I find a conflict between what I know and how much of what I know to pass on to a student. I may not know as much as you admittedly but I know enough to boggle the mind of your average beginner or intermediate and the last thing I want is a boggled student so I tend to try to keep it simple. I admit there are occasions when a student wants to know the why before he can get to grips with the how but even then I try to stick to the salient points and try not wander off into the murky depths of fly casting theory, especially as fly casting theory is a moving target.

Lets assume this is ten years ago. The theory then was that the hauls sole purpose was to load the rod deeper. I guess this was because it was also thought that rod load accounted for a huge percentage of the cast so the deeper the load the further the cast went. Now we know that the primary purpose of the haul is to increase linespeed and any additional load is caused as a reaction not by intention. We now also know that the stored potential energy (PE) in the rod only accounts for only about a fifth of the momentum we have built up in the fly line, the rest comes from leverage. Did this miss-information stop instructors being able to teach someone to fly cast? No.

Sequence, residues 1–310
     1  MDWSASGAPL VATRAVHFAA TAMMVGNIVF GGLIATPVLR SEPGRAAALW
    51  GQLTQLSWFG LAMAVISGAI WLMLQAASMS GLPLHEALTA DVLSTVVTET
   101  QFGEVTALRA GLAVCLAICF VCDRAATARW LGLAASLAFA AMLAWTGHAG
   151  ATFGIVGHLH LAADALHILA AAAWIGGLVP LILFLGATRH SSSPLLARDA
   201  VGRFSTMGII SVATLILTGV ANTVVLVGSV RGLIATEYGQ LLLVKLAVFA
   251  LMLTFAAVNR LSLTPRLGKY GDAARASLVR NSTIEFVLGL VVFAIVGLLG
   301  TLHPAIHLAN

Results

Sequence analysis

There is now some debate that the rod might not be the flexible lever we all thought it was. A lever needs a fulcrum to be a classic lever but a rod has a centre of rotation which is not a fulcrum although, as I understand it (and I don’t) it performs a similar function, or might do is we knew where it was (it moves, so you are never too sure where it is from one moment to the next).